Previously it has been reported that reduced-exertion high-intensity interval training (REHIT; total training time of 3 × 10 min per week) improves maximal aerobic capacity in both sedentary men and women, but improves insulin sensitivity in men only. The aim of the present study was to determine whether there is a true sex difference in response to REHIT, or that these findings can be explained by the large interindividual variability in response inherent to all exercise training. Thirty-five sedentary participants (18 women; mean ± SD age for men and women, respectively: age, 33 ± 9 and 36 ± 9 years; body mass index, 25.1 ± 2.1 and 24.1 ± 3.5 kg·m−2; maximal aerobic capacity, 38.6 ± 8.3 and 31.6 ± 4.6 mL·kg−1·min−1) completed a 6-week REHIT programme consisting of eighteen 10-min unloaded cycling sessions with 1 (first session) or 2 (all other sessions) “all-out” 10–20-s sprints against a resistance of 5% of body mass. Maximal aerobic capacity and oral glucose tolerance test-derived insulin sensitivity were determined before and after training. REHIT was associated with an increase in maximal aerobic capacity (2.54 ± 0.65 vs. 2.78 ± 0.68 L·min−1, main effect of time: p < 0.01), a trend toward reduced plasma insulin area-under-the-curve (AUC; 6.7 ± 4.8 vs. 6.1 ± 4.0 IU·min−1·mL−1, p = 0.096), but no significant change in plasma glucose AUC or the Cederholm index of insulin sensitivity. Substantial interindividual variability in response to REHIT was observed for all variables, but there was no significant effect of sex. In conclusion, REHIT improves the key health marker of aerobic capacity within a minimal total training time-commitment. There is large interindividual variability in responses to REHIT, but sex differences in the responses are not apparent.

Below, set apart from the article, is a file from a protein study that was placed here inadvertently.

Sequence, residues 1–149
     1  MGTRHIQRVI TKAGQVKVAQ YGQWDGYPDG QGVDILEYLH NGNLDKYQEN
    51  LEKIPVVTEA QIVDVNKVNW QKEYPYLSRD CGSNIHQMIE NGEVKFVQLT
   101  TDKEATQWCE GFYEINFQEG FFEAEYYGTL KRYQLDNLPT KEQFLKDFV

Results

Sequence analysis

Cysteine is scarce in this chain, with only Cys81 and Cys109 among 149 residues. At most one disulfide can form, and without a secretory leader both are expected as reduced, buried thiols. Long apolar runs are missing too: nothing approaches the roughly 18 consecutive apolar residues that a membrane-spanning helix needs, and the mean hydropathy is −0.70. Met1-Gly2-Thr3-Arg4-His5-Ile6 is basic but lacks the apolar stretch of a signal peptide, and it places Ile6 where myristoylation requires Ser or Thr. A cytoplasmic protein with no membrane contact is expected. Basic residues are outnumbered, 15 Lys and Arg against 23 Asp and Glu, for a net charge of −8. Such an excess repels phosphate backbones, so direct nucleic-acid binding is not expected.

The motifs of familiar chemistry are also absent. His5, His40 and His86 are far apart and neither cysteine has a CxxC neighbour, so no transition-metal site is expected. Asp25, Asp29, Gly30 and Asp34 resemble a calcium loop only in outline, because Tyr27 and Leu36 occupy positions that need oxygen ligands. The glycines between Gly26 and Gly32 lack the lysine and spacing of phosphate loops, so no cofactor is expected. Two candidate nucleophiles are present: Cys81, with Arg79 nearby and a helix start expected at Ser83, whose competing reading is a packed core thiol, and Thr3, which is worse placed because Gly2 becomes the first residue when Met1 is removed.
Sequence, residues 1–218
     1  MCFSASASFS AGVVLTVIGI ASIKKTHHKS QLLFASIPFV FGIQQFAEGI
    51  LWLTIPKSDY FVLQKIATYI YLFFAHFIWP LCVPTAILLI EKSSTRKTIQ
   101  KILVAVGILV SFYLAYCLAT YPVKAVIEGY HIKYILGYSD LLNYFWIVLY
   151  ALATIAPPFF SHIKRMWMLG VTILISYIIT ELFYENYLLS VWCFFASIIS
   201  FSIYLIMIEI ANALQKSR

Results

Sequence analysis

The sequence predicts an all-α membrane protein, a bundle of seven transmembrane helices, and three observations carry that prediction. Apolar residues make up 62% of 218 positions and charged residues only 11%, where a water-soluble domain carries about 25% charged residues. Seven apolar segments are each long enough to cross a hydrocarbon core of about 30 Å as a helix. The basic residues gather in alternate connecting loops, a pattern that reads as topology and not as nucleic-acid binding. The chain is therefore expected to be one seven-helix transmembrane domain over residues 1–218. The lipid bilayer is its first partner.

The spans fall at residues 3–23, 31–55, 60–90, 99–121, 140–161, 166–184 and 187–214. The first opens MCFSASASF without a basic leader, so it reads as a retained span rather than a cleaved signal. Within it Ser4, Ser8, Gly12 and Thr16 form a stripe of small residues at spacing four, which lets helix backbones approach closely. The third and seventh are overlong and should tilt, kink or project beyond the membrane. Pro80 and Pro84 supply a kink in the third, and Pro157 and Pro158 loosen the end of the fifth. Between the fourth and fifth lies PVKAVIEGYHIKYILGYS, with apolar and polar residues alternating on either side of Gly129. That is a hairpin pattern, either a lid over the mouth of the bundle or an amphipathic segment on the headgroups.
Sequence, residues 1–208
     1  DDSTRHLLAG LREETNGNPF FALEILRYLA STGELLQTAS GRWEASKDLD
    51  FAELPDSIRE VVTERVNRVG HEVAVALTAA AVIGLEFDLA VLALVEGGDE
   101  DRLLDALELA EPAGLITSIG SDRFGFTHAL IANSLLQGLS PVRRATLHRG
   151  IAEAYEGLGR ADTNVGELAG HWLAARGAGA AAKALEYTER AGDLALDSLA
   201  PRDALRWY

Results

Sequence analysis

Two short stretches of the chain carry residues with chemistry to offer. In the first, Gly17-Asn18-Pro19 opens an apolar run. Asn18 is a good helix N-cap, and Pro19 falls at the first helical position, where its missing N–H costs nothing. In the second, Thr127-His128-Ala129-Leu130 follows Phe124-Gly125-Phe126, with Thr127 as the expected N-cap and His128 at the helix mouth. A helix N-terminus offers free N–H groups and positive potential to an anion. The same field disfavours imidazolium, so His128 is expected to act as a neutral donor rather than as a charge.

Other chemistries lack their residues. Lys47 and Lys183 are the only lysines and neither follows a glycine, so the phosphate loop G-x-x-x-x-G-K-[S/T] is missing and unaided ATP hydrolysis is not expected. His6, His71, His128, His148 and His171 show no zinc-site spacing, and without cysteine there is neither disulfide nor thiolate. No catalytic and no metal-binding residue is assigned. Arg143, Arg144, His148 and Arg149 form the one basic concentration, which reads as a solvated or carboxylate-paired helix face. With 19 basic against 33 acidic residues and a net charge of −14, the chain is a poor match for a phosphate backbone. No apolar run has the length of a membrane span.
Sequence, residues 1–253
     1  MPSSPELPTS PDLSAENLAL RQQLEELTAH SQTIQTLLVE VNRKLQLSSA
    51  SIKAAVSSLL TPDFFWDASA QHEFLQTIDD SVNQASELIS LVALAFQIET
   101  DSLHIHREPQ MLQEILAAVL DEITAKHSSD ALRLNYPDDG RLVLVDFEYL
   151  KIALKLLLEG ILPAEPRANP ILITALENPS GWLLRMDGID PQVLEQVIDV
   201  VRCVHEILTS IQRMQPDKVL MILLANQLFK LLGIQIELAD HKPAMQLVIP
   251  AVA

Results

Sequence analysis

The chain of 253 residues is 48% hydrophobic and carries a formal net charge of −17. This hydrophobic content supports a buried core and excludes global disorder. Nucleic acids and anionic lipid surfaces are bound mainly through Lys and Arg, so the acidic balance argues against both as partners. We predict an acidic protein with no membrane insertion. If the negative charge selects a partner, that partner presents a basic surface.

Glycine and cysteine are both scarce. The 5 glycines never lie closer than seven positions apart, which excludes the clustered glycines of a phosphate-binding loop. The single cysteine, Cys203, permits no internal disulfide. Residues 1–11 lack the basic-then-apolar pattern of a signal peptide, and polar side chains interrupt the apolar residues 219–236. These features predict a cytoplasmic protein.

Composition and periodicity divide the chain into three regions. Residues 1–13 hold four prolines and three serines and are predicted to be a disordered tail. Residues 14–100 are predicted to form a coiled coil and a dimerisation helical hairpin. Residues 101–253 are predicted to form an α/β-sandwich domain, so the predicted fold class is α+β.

- insulin sensitivity
- sex differences
Metcalfe, R., Tardif, N., Thompson, D., & Vollaard, N. (2016). Changes in aerobic capacity and glycaemic control in response to reduced-exertion high-intensity interval training (REHIT) are not different between sedentary men and women. Applied Physiology, Nutrition, and Metabolism, 41(11), 1117-1123. https://doi.org/10.1139/apnm-2016-0253